Newspaper claims Internet search reveals CIA agents, March 12, 2006

-March 12, 2017

The Chicago Tribune on March 12, 2006, claimed to have compiled a list of 2653 US CIA (Central Intelligence Agency) employees by searching the Internet.

The newspaper found the names by searching commercial databases on the Internet and claimed to have discovered supposedly undercover operatives' names, internal agency telephone numbers, and the locations of 24 secret CIA facilities around the United States.

Just three years earlier, Washington Post journalist Robert Novak identified Valerie Plame as a CIA operative in July 2003, an event that was considered a major breach in CIA security.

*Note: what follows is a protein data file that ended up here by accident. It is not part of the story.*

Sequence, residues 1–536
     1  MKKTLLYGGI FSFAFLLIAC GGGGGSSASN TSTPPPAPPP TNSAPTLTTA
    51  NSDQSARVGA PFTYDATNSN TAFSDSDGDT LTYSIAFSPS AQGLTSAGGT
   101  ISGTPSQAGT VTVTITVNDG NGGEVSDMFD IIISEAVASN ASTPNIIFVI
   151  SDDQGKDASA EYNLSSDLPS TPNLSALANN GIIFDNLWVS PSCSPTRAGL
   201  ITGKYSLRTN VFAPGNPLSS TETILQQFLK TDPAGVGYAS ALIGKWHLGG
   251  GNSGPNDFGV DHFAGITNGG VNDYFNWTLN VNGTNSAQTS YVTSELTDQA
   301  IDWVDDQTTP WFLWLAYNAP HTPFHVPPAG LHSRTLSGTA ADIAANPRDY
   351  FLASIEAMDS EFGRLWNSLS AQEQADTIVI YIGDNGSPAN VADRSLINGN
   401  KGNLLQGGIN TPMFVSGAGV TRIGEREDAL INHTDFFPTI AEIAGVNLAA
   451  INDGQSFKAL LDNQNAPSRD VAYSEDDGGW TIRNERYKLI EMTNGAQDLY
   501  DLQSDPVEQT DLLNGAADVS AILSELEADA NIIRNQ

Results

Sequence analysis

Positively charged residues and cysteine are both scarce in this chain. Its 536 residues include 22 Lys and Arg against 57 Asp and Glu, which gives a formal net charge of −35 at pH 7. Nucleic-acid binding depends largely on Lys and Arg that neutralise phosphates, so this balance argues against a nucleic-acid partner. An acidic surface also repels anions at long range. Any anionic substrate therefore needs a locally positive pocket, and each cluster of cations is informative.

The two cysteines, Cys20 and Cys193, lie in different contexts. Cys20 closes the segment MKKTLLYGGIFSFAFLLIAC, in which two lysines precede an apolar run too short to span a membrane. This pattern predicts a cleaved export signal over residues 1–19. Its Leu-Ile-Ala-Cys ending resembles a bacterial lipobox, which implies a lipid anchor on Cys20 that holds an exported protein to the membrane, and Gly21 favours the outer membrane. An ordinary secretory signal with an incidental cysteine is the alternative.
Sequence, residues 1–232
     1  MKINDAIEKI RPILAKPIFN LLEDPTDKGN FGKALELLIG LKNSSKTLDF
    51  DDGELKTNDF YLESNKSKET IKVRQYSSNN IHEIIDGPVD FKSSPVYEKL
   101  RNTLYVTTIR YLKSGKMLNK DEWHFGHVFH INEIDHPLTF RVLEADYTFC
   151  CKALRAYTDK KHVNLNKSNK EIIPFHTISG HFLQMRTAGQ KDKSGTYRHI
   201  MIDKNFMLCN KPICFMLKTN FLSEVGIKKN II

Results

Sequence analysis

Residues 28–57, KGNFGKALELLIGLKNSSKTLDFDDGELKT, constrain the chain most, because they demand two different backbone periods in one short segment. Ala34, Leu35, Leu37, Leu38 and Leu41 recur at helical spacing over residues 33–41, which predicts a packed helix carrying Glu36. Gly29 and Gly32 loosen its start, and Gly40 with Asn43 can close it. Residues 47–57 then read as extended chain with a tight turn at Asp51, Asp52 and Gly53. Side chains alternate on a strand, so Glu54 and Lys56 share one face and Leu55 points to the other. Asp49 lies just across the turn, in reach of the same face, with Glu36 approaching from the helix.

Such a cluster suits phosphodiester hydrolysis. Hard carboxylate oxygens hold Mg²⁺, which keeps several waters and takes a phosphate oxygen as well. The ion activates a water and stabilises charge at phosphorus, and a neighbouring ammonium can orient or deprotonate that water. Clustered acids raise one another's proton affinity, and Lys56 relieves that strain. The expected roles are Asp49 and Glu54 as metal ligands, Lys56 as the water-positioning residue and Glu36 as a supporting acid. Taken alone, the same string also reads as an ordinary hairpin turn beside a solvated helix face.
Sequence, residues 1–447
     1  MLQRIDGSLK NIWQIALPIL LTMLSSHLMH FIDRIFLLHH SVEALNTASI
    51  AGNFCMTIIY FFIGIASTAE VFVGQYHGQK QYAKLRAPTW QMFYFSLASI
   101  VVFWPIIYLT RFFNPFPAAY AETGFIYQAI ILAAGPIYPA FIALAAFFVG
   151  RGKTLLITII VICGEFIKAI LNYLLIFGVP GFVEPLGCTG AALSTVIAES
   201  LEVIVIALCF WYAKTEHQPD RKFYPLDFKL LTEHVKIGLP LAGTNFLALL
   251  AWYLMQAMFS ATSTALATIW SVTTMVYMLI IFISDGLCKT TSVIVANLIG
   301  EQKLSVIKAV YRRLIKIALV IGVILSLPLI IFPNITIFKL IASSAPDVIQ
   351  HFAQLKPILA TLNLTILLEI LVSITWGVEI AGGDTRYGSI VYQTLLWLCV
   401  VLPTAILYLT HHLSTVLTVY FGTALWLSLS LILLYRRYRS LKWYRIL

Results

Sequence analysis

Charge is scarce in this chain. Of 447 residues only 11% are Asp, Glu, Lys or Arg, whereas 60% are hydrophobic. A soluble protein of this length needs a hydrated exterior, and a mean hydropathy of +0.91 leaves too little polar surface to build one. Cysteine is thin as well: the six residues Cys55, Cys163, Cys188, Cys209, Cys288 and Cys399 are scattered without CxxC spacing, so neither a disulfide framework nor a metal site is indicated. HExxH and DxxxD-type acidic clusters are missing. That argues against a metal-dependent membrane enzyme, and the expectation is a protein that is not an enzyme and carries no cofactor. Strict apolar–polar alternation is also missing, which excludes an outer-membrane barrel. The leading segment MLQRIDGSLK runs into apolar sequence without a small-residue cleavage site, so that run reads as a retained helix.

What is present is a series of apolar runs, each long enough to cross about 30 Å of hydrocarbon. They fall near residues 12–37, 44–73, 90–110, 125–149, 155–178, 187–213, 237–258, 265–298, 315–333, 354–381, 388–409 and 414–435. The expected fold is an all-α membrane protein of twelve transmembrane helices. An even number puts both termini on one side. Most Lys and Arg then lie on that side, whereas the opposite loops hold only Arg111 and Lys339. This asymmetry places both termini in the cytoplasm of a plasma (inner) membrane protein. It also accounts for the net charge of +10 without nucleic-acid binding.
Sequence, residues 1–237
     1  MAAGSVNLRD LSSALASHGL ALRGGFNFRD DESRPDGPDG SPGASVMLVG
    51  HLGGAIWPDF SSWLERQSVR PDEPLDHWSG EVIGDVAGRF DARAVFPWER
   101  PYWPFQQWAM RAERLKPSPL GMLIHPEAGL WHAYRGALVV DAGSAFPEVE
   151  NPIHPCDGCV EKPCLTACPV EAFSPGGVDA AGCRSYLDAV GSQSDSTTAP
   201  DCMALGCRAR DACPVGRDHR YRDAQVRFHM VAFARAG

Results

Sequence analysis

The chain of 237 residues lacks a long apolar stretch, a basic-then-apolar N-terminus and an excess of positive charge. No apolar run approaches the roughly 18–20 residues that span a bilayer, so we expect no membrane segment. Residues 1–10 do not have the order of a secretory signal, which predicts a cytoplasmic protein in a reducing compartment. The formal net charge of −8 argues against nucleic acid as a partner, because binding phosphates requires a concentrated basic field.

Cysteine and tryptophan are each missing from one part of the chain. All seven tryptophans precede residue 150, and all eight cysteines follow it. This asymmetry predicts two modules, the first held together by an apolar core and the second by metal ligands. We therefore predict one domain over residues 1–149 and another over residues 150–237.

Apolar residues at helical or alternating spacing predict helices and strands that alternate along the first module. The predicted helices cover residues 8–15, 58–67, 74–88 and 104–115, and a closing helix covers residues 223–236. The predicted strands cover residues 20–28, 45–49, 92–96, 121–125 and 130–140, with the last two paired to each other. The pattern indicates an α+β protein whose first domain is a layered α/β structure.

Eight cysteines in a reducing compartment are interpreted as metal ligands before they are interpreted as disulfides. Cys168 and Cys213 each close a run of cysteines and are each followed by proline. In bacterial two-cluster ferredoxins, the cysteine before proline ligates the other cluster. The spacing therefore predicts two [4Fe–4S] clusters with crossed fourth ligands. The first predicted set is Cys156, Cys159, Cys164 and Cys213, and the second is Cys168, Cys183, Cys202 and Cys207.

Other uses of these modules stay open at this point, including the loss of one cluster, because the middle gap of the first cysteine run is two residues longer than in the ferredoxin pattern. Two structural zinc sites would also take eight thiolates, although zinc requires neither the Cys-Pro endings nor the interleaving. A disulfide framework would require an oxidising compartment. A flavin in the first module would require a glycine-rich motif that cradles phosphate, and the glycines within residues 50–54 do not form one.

The paper did not reveal any of the names at the CIA's request. A spokeswoman for the agency admitted that the newspaper’s claims would force the CIA to change its methods of protecting information, but the CIA did not concede that the Tribune’s claims were true.

A retired CIA operative called the article “goofy at best” but admits that there is no such thing as an iron-clad cover. However, tech security experts and hackers dispute that any such information is private online, particularly as more information moves to “the cloud,” and have since noted the newspaper’s claims as reasons for stricter security design.


For more moments in tech history, see this blog.
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Editor's note: This article was originally posted on March 12, 2013 and edited on March 12, 2017.



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